“I was not black until I moved to the United States.”
My mom is from Panama. When she was 17, she moved to Miami where she soon met my dad–a Florida native with a big family originating from Georgia by way of West Africa and Native America for as far back as we know. Growing up, my mom would often tell me stories of the new American customs that she had to learn. Some of them silly or benign (like an egg-laying Easter Bunny) and others a more difficult product of struggling with a new language, environment and way of life.
One of the many things that she came to know was that her birth-assigned, chocolate-colored skin now carried a lot of baggage. She learned that the treatment she received in this new country was going to be a little different from her privileged life in Central America, and she would have to understand the history, significance, and the turmoil that came along with having dark skin. She was going to need to understand that she was now black.
My mom would marvel at the oddity of racism and tell me and my siblings that in Panama, they never talked about other people’s skin. “Why? Why talk about someone’s skin? Or hair? Or eyes? What is there to say?” I suppose it is this perspective that unconsciously, was a key part of forming my own thoughts on race.
My dad’s experience was a little different. He grew up in the projects of Miami. His parents worked as a cleaning lady and a gardener for white families, so he knew exactly what his black skin meant. His father moved their family out of the projects and across the large wall that separated them from the white neighborhood. Surrounded by a sea of white in Civil Rights America, my dad certainly understood what his black skin meant.
That didn’t stop my dad from wanting us to see the world and every person as positively as we could. In Tallahassee, Florida, we lived in a “white” part of town. All of my friends were white. My neighborhood was white. My church was white. And I liked it all. This never bothered me, why should it? This was simply the way life was. I was black, but that didn’t mean anything to my friends and it really didn’t mean much to me. It was not until later that I would begin to realize my acceptance of my white surroundings was not something everyone was necessarily okay with.
The first time I was called “oreo” was by a black girl in my middle school class. I didn’t get what it meant, which made her sneer in even more disgust. “You’re white on the inside.” She said this nearly spitting, making me realize the error of my white ways. What did I do? What gave me away? I didn’t tell my parents. And I hated this girl.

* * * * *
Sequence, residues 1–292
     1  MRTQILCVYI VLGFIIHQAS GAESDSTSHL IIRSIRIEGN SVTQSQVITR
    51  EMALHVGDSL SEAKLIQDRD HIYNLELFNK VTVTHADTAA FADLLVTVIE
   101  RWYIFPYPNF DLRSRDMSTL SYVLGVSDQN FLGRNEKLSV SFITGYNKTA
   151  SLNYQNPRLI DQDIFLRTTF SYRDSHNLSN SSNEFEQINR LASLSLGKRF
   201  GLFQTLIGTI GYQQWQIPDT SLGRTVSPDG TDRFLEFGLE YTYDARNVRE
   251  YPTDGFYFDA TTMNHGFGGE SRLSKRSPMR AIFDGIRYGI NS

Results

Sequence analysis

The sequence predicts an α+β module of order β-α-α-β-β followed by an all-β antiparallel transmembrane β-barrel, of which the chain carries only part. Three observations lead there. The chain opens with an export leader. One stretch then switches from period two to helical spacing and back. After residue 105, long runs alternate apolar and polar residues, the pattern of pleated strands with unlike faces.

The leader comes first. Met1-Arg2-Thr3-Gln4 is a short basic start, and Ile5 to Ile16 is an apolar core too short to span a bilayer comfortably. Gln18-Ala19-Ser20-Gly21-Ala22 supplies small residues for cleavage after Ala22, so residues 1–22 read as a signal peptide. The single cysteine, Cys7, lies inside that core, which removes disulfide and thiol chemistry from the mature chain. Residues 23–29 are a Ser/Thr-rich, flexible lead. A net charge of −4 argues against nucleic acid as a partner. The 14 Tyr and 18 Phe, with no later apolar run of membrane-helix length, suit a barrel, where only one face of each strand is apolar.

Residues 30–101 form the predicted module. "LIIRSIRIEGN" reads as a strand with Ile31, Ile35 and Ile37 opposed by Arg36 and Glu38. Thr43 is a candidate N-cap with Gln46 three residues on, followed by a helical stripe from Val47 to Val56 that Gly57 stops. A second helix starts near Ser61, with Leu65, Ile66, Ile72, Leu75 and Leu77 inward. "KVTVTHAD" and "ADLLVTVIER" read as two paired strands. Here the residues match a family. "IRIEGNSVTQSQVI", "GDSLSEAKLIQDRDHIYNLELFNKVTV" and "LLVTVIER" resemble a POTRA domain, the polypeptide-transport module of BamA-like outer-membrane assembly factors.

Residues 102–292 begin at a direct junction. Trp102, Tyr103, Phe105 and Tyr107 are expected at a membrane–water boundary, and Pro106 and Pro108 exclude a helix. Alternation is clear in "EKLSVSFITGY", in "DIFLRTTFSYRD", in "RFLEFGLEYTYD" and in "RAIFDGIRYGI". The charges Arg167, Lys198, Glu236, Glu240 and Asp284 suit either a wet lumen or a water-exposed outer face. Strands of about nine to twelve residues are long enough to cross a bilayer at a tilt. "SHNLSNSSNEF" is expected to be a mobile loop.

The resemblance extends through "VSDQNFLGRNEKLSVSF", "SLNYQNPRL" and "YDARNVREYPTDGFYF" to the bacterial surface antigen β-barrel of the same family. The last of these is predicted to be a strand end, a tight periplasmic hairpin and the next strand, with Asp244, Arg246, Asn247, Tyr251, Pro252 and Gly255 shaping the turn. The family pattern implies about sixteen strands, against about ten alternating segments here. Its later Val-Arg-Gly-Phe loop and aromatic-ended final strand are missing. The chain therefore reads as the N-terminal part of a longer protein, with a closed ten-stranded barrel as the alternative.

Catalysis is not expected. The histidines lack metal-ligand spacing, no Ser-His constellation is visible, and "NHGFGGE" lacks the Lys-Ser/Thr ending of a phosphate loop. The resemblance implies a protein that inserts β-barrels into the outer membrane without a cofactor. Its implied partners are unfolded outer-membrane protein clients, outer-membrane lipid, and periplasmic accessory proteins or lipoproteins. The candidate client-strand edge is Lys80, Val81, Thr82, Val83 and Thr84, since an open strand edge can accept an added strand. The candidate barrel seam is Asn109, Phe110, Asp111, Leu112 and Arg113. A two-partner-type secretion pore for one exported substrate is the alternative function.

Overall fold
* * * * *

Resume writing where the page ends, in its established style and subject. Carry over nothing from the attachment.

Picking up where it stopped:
Over time, the comments became more explicit and more frequent. “You talk like a white girl.” “You live in that neighborhood?” “You need more black friends.” “You’re nice for a black person.” These weren’t things that I would hear just sometimes. I heard them all the time. So much so, that they stopped surprising me. And if it wasn’t said, it was written. Words like “nigger” and drawings of confederate flags weren’t shocking or offensive to me, they just became part of the everyday scenery that decked the halls. It was all just part of the milieu, and it would take years for me to understand the depth of the hatred in this backdrop.
I was told by many white people that they liked me because I was approachable. I filled their quota and made them ‘not racist.’ “But you’re not really black, Raquel, let’s be honest…” On the other hand, my adoption of proper etiquette and articulate speech made me a traitor to many of my fellow melanin-filled brothers and sisters. To them, I elevated myself as a superior. “Why do you hang out with them?” I would have to fuddle for a half-baked justification and would usually land on something insufficient like “they’re actually really nice.”
I was too white for black people. And at times, too black for whites. I failed the quintessential lesson that my mom had learned: you are black. You need to be black. You need to act black.